Generally, if one hasn't rebuilt the system it will be empty. /usr/src
will contain the source code for the base system and kernel if the
administrator has installed the source. The /usr/include directory will
contain include files vital to compiling both console and X apps in
FreeBSD/usr/compat will contain compatibility files for Linux emulation,
if installed, and finally, /usr/X11R6 will contain X system files if X had
been installed. If X has been installed, there are several important
directories under /usr/X11R6 that one should be aware of:

	/usr/X11R6/GNUstep/apps
	/usr/X11R6/etc
	/usr/X11R6/man
	/usr/X11R6/share
	/usr/X11R6/lib
	/usr/X11R6/include
	/usr/X11R6/bin

	The first directory will contains apps for X window managers that
comply with the GNUstep standards. The second, /usr/X11R6/etc, will
contain X initialization config files. The next two, /usr/X11R6/man and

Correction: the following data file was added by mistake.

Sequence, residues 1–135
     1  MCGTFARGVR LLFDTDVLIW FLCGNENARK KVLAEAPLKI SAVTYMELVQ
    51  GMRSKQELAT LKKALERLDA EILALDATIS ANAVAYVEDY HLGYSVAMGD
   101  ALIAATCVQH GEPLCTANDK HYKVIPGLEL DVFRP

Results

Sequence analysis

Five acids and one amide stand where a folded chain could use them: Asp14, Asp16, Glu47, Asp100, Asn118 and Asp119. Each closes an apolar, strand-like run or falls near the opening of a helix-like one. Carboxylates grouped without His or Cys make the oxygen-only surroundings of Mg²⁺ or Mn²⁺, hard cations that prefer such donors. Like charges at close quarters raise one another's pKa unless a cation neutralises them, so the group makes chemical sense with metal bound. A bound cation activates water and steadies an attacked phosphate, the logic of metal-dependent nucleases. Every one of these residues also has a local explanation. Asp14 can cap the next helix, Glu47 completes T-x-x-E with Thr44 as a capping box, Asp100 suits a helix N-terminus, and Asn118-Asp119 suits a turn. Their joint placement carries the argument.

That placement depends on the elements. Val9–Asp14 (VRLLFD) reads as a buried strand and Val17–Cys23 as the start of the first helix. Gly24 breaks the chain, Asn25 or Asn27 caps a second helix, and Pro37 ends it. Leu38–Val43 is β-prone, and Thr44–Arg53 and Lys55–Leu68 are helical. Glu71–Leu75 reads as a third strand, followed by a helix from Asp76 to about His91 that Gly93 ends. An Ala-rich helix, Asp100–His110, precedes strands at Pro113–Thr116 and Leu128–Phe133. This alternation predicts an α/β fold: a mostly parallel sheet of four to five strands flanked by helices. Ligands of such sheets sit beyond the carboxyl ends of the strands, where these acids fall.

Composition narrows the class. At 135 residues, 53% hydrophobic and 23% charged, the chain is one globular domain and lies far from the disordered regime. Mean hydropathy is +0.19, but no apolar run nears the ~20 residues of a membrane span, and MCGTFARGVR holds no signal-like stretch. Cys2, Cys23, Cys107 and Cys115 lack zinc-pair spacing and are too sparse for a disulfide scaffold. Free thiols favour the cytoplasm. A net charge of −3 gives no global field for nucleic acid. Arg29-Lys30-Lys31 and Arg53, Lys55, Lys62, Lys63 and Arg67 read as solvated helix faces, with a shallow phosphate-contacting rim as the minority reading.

/usr/X11R6/share will both contain important X documentation. The former
will contain manual pages for various X binaries and system compotents
while the latter will contain files that will be shared among various X
apps and users, such as X app documentation and themes.

	/usr/X11R6/lib and /usr/X11R6/include will contain X dynamic
libraries and X include files vital for compiling X apps, respectively,
and /usr/X11R6/bin will have various X binaries for use by regular X
users.

	Finally, we have /usr/local, which contains a number of important
directories:

	/usr/local/bin
	/usr/local/sbin
	/usr/local/lib
	/usr/local/libexec
	/usr/local/include
	/usr/local/etc

	The /usr/local directory is primarily for the purpose of holding
binaries installed to augment the base system. Things such as games,
additional word processors, graphics utilities, etc, are usually installed
in /usr/local. Relatively large apps often get their own subdir under